Morocco is an open Islamic country in North Africa- and this is my survival.
The sound of Morocco can be exhilarating and the smell is just overwhelming. While being white (foreign) is a sign of wealth, the hierarchy of foreignness is definite starting from American and English, Dutch and German, French, and the rest will follow- again.
Speaking English is an advantage when you are an English man that doesn’t speak French- if you don’t then whisper and gestures will be your option.
While Morocco is an open city to explore, I believe the government has done a tremendous policy in making sure that tourists are given priority since tourism is the major contributor to its economy. I was in Medina trying to explore the city of Marrakech, looked every corner of the market in the African continent. I saw crowded and happy tourists waited for the night to arrive while the market is getting bright through lights and busy food stalls. While you will see dog poo, dirty streets, and everything else. So everything you wear will get dirty- no joke. I am lucky to travel this country without serious issues, but it doesn’t mean I need to feel safe.
You will see the snake charmers in Medina that will grab your camera while people will surround you and boom! You can’t say “No”. Unless you are ready to pay, and have a money to pay for it. If not, then you will be harassed, or followed. This is a survival from touts.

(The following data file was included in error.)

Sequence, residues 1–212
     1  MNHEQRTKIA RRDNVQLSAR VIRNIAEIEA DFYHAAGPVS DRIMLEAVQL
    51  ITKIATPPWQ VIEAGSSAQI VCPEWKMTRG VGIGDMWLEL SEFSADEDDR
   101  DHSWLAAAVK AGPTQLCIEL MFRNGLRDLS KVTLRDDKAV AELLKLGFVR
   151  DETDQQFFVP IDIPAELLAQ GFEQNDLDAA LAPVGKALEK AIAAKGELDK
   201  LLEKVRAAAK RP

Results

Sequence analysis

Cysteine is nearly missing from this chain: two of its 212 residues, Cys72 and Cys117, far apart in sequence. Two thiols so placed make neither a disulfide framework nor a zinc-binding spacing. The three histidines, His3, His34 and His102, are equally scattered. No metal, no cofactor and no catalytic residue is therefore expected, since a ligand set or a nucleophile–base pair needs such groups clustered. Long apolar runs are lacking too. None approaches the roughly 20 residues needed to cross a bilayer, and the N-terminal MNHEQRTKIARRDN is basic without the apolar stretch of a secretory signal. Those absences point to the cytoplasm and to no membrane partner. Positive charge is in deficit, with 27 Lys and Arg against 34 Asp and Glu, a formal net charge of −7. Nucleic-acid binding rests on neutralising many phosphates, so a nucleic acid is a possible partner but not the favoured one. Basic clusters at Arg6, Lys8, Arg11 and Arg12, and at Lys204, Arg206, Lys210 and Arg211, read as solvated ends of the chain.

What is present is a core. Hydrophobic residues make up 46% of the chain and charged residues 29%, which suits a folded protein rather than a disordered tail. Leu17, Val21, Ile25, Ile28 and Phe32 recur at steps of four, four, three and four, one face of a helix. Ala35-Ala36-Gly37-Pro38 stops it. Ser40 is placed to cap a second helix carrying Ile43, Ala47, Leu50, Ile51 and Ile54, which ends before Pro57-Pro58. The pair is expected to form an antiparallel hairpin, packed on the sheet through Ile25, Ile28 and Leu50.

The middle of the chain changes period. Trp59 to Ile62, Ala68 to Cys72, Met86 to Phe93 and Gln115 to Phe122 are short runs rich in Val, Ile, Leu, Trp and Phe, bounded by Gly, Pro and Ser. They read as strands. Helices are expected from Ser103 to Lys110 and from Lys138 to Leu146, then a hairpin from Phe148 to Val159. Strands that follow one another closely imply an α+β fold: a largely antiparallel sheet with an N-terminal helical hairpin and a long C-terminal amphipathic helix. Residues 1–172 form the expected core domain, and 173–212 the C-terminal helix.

It was a charge to experience, and I admit- I fell into that trap!
You will not need a guide unless you are shopping for novelty items. In the alleyways, you will not need a guide- I promise. Google map is built for us to use whenever we need to locate a restaurant or streets.
In my first week, my travel has been intense, I started to travel by train going North from Marrakech. Bought a second class seat of the train, confused by the train section with French beautiful Moroccan girl who wanted to exchange seat with me. The travel took 5 hours, got bored, abused the replay button of my smartphone. It says” Gare De Fes”. Welcome to the city of Fes, where another unique place to discover.
I found two Moroccans who were standing outside an old building while their heights made me feel that I am about to meet this giant Moroccan AWESOMENESS. They don’t speak English, uffff…so I prepared to use my hidden Arabic language skills, and they were confused and so I am. Damn, it was crazy!
My Middle Eastern Arabic did not work, so Spanish saved me from chaos. I would suggest to learn basic French or at least Spanish when going to Morocco. But I met young generations who are good in English. I was in total confusion and asked myself in the balcony of a simple hotel in the city, ” what will I do?”
I saw a lot of chaos in the city of Medina when it comes to animal brutality. Starving dogs, and cats everywhere. I was awake most of the night listening to cats fighting and dogs barking. This is the reality of travel, it is not all about luxury.
I don’t want to stay a blind eye to it, yes, I saw a lot of big pictures in the country.
The next day, I had a dinner with a friend in Rabat city. He shared how his mother is struggling to raise her four children, but he was smiling. I felt the love and unity in the family over the disadvantage that is often highlighted by us, the outsiders. But they are happy. Moroccans are happy, maybe they don’t see what I see so far.
Moroccans are happy, maybe they don’t see what I see so far.
I travel because I need to. “Travel is made up of distances and differences which are the pillars of creativity.
I want to hear your experiences too! Please don’t hesitate to share your survival tips.